Muskegon Heights Public Schools
State-appointed review team determining if Muskegon Heights Public Schools needs an emergency financial manager.
MUSKEGON HEIGHTS, Mich. (WZZM) - The recently-appointed state financial review team heard differing views on the need of an emergency financial manager for the Muskegon Heights Public Schools -- the interim superintendent said the EFM was "crucial," while the head of the district's teachers union said the administration needs time to fix its problems internally.
The review team held an all day public hearing Wednesday at the Muskegon Heights school administration building.
The purpose of the public meeting was to question school leaders about the district's $12 million debt. The review team learned one-quarter of the debt is owed to local vendors like the city of Muskegon Heights. The district's water bill also remains unpaid, as it is almost $40,000 dollars and growing.
Muskegon Area Intermediate School District superintendent Dave Sipka is the interim superintendent of the Muskegon Heights district. He told the team the district's finances are so bad teachers this month will again be paid four days late. The payday delay is expected to reach one week in April.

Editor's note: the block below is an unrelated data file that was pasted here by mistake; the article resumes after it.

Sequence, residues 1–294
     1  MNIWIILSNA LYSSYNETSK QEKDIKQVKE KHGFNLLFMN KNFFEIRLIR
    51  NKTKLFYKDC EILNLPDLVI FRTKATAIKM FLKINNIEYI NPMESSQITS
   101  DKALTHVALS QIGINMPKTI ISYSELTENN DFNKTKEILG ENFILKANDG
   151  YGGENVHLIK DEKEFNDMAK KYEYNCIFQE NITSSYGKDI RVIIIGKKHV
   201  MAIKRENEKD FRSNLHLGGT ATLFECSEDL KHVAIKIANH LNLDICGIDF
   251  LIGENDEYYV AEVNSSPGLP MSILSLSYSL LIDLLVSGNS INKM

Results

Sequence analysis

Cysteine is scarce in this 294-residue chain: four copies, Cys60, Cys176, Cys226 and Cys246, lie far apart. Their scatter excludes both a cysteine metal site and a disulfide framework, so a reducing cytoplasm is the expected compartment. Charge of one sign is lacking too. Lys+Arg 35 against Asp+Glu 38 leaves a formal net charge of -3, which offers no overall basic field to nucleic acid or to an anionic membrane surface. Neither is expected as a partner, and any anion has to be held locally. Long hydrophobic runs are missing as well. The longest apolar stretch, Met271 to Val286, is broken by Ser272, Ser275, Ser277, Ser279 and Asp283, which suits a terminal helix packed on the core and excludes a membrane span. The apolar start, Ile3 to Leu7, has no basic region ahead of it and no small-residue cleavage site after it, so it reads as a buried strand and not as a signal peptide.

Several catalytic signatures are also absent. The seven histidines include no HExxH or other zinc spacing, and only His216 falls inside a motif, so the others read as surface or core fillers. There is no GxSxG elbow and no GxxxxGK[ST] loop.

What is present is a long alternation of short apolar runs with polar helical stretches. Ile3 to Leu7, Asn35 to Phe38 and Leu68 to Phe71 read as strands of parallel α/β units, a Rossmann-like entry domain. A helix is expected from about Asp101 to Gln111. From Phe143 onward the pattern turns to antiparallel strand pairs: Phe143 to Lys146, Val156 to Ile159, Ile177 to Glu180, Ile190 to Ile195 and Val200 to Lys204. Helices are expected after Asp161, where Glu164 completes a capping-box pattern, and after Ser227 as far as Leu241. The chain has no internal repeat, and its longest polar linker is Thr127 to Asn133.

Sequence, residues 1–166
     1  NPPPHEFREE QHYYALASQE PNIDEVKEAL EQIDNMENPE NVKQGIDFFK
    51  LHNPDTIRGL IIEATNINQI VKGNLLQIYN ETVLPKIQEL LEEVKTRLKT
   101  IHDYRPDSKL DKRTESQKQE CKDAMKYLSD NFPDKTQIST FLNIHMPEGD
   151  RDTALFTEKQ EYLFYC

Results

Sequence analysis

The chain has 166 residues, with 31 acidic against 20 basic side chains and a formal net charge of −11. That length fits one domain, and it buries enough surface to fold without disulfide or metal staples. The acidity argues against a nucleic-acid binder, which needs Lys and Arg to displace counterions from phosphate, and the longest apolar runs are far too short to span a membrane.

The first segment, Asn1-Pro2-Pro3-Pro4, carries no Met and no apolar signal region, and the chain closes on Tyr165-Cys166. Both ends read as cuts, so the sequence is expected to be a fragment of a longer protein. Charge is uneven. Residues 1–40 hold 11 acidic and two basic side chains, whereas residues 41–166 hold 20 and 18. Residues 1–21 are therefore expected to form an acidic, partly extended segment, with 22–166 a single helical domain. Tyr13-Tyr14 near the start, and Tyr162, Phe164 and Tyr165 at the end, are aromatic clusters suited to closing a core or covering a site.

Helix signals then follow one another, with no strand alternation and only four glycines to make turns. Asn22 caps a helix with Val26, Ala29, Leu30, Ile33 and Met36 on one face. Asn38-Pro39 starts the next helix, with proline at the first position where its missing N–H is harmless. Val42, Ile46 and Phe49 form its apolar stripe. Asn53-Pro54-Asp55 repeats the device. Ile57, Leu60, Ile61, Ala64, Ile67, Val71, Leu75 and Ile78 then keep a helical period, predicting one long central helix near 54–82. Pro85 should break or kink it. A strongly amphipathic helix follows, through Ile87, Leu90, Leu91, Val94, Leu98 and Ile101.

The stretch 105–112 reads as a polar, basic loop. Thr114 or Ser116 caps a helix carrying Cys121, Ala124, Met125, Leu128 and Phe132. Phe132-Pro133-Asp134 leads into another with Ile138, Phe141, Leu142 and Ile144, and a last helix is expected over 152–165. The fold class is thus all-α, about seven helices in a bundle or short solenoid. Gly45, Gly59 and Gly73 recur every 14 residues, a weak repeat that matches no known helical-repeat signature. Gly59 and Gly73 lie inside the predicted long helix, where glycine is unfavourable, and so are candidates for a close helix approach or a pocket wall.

Sipka says if the state garnishes the district's state aid payment teachers might not be paid at all. He told the team he believes the district is in need of an emergency financial manager.
"My recommendation would be that an emergency manager be in place as soon as possible," Sipka said.
Michigan Education Association leaders were also given time to address the team. Two representatives from the union that represents the districts 55 general education teachers asked the team to be patient and allow the debt crisis to be fixed internally.
"You can not just look at finances in a vacuum in order to save this district," says Krista Abbott with the MEA.
Abbott is concerned a state emergency financial manager will focus too much on numbers without concern for students. Abbott says the MEA and teachers are willing to offer wage and health care concessions immediately. According to Abbott, the union's plan could save the district $500,000 this school year and $2 million the next two years.
While the review team is considering its recommendations, the Muskegon Area Intermediate School District is preparing for a number of scenarios -- ranging from finishing out the current school year to bankruptcy to dissolution of the district.
An emergency manager could use broad powers to void or make changes to the teachers current contract. The team has three weeks left to report its findings and make a recommendation to Governor Snyder.
Reported by Jon Mills in Muskegon Heights